All Posts tagged stroke

Cholesterol Meds – Awesome or Awful?

Statins – those frequently-prescribed cholesterol-lowering medicines that include Zocor (simvastatin), Lipitor (atorvastatin), Crestor (rosuvastatin), Livalo (pitavastatin), Mevacor (lovastatin), Lescol (fluvastatin), and Pravachol (pravastatin) – are they awful toxins or awesome remedies?  You can certainly read both opinions if you follow the news or scan the web.  The New York Times once touted them as “the underused wonder drugs” while other articles and blogs claim they are dangerous and no one should use them.  Meanwhile they are the most prescribed drugs in the world and over 20 million Americans take them.

So where is the truth when it comes to statins?  No one can credibly claim that they don’t effectively lower cholesterol.  We routinely see up to and beyond 100 point drops three weeks into treatment with a statin.  What’s more, they act as anti-inflammatants inside the blood vessels and inflammation promotes plaque formation (the stuff that damages and blocks arteries leading to heart attacks and strokes).  But does lowering cholesterol and inflammation translate into reduced heart attacks, strokes, and overall mortality?  For high-risk individuals who have already had a coronary event (a heart attack or stent or bypass surgery) the answer is clearly, yes.  Statins reduce the chance of a second heart attack by about a third.

However, in what’s called primary prevention – preventing bad outcomes in individuals who are at lower risk and have never had a coronary event – the numbers are still there, but not quite as compelling.  An analysis of 14 randomized trials involving almost 35 thousand patients showed the following:

  • 17% reduction in all-cause mortality
  • 28% reduction in heart attacks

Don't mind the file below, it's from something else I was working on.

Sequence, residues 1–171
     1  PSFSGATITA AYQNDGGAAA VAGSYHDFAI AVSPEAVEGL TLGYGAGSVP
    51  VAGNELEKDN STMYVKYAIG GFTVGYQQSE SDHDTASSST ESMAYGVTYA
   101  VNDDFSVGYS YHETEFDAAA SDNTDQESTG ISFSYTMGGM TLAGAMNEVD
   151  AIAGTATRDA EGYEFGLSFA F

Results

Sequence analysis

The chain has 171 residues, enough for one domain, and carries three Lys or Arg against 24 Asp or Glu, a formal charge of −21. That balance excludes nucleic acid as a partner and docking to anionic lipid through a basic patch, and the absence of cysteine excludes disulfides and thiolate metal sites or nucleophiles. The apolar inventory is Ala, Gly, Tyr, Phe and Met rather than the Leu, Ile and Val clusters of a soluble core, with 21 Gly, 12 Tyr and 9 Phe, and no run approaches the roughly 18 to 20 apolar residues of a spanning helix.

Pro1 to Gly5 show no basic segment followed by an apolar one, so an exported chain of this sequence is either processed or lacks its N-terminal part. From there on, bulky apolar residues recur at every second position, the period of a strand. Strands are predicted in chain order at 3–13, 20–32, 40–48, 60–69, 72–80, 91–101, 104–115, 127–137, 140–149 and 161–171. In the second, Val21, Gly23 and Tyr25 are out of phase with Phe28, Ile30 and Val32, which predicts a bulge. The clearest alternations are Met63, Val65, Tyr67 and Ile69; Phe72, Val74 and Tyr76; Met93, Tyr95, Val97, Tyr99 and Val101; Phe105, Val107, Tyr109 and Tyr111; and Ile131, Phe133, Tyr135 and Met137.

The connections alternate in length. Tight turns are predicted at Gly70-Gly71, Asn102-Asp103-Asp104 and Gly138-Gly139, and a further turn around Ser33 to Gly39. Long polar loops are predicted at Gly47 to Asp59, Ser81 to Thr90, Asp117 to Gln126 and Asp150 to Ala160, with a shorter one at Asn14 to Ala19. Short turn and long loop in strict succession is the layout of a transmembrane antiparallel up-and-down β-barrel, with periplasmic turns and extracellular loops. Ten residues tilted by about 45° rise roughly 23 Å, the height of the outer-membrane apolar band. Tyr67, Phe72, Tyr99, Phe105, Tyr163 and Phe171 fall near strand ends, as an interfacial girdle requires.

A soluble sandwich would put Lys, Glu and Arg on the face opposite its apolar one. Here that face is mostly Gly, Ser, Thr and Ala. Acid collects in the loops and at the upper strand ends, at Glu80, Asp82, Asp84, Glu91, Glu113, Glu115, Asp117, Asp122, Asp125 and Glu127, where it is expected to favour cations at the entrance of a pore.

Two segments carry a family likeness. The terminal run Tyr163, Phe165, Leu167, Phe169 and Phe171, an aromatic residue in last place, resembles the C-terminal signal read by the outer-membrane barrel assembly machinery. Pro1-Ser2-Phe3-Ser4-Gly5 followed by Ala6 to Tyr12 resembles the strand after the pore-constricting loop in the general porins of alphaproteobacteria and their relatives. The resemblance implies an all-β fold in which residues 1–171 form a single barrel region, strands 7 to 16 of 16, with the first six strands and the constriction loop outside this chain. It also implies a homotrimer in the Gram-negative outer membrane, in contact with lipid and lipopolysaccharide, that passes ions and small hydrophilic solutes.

• 22% reduction in strokes
  • No significant additional adverse events in those treated vs. placebo groups nor negative effect on quality of life

That sounds fairly impressive, but put another way, when the numbers are worked out, 1000 people would have to be treated for one year to prevent one death.  So there is a real, but modest benefit in treating lower risk individuals with statins.

On the side-effect side of the equation, we already noted that substantial side effects seem to be statistically insignificant in the studies.  But that’s not the whole story.  Liver effects are actually rather uncommon, with a significant rise in liver enzymes occurring in roughly 1 in 100 patients.  If they occur, the statin is simply stopped and the enzymes return to normal.  Actual liver failure rates in those on statins are almost the same as those in the untreated population.

Muscle pains occur in some 10% (estimates vary) of those on statins and, again, generally resolve promptly when the statin is stopped.  More serious muscle damage can occur, though rarely (in over 25 years of prescribing I’ve not had my first yet).  Other recent findings note a slight rise in blood sugar with statins and a fairly uncommon incidence of mental fuzziness and memory issues. If the latter occurs, the statin can be stopped and the problem clears.  All in all, my experience has been that some 8 out of 10 persons put on statins have no problem.